September 28, 2020

Cover Story

College Football Blitz

With six schools now fielding Division 1 Bowl Subdivision teams, Florida has become a major battleground in the college football arms race. But does it pay to play?

Mike Vogel | 11/1/2007

As for the effort going into new stadiums, schools without their own stadiums ask why they shouldn’t have the same amenities that UF and FSU have enjoyed for years. Particularly, they say, since they don’t use public money or tuition fees. UCF officials say they raised $29 million in private donations for their new stadium, including $15 million from Bright House for naming rights. They plan to pay the balance of the $55-million construction bill via ticket and concession sales, revenue from suites and club seat leases, donations, corporate sponsorships and advertising. FIU is taking a similar approach to the $31-million first phase of a stadium project that’s expected to open for the 2008 season, and likewise FAU with its $62-million facility, slated to open in 2010.

FAU President - Frank Brogan
GAME PLAN: State cuts in university operational spending are frustrating and hard on the teaching mission, says FAU President Frank Brogan (left), but “it’s harder for athletics because they don’t receive operational money from the state. They just can’t sit and pout because they didn’t get enough money handed to them by the state of Florida. They actually have to go out and make theirs.” [Photo: JC Ridley]

The schools also say the cost-income equation doesn’t reflect the intangible benefits of football — what FSU’s Lee Hinkle, vice president for university relations, calls the “sense of being” that comes with sports. Hinkle, whose department oversees the alumni organization and also its academic foundation and athletic fund-raising Seminole Boosters, says sports help market FSU to the high school students, professors and donors the university wants to attract.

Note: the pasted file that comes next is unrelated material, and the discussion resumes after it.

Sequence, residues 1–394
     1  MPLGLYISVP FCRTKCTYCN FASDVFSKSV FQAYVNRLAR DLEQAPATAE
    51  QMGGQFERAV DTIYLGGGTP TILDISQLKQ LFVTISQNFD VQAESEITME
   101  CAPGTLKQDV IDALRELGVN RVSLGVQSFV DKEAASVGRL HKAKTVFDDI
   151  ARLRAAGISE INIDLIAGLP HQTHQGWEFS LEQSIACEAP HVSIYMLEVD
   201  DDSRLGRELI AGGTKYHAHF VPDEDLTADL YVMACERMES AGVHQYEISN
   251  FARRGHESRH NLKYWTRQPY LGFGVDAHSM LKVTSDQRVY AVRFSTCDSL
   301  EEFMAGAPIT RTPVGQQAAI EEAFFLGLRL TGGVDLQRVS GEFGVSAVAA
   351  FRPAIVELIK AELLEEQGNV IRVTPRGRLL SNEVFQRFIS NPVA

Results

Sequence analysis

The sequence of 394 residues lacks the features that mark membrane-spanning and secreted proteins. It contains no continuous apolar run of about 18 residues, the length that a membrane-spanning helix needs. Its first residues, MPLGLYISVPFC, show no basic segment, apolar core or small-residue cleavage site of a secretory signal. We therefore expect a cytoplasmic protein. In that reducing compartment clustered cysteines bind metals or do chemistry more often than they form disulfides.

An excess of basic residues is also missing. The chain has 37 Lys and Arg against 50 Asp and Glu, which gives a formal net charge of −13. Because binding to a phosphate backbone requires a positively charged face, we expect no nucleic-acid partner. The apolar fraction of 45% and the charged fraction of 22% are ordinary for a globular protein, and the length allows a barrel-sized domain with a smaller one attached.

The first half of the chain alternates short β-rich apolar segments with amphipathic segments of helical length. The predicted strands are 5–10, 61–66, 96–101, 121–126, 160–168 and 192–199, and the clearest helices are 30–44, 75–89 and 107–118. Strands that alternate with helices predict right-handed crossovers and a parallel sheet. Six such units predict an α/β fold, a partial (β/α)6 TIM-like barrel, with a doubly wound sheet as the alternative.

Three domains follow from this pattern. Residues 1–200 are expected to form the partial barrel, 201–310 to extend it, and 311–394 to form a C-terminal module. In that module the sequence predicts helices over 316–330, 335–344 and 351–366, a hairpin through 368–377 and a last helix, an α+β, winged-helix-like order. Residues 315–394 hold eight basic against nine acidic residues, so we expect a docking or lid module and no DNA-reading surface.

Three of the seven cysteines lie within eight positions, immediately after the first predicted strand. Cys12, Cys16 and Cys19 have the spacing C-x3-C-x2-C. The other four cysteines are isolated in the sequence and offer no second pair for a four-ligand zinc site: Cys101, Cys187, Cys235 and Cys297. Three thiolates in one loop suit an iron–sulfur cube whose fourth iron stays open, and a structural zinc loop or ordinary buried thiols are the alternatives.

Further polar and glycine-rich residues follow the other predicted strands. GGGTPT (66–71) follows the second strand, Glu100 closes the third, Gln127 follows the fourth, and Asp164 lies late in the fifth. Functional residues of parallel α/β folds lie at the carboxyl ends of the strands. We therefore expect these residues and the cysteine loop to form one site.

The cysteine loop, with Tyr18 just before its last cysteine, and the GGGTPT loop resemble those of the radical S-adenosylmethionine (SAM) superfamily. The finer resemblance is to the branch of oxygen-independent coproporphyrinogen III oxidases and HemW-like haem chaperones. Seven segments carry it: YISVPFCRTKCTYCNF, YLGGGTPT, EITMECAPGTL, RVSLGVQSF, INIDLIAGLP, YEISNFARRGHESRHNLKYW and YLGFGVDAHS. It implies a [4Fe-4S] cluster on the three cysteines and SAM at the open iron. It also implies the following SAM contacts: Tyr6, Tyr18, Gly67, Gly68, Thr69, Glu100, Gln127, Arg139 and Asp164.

“You don’t have ABC or NBC coming to your campus and wanting to publicize your recruitment of National Merit Scholars,” Hinkle says. “Having sports is a way to pique people’s interest and get them interested in the university. Once they’re at the front door, you can bring them in.”

Many students reflect that view. “I do find it curious why, having won a basketball championship and football championship, we have such a high faculty-to-student ratio,” says 23-year-old Daniel Hanser, a UF student from West Palm Beach. “But athletics is incredibly important to me: My first memory as a child is literally Emmitt Smith running touchdowns on Florida Field.”

On a roll


Cheering on the home team in Tallahassee [Photo: Florida State University]

College football appears to have plenty of momentum to expand further. “The right way to think of college football is it’s professional football in the 1960s and ’70s,” says Noll, the Stanford’s sports economist. “There’s no sign sports will do anything but get more popular. The only real serious issue here is how long it’s going to last. In regard to professional sports, people started to ask how long is this going to last in the 1960s. Fifty years later, it’s still going.”

For the moment, however, it doesn’t appear that Florida’s football epidemic will become a pandemic. The state schools without football — the University of North Florida, Florida Gulf Coast University, the University of West Florida and New College — say they have no plans to get in the game. UWF Athletic Director Todd Davis says school officials have discussed adding a football program but don’t expect to start one anytime soon.

“As you will find out,” he says, “the expense to develop a sport such as football can be astronomical, while maintaining it has its own challenges.”

Tags: North Central, Education

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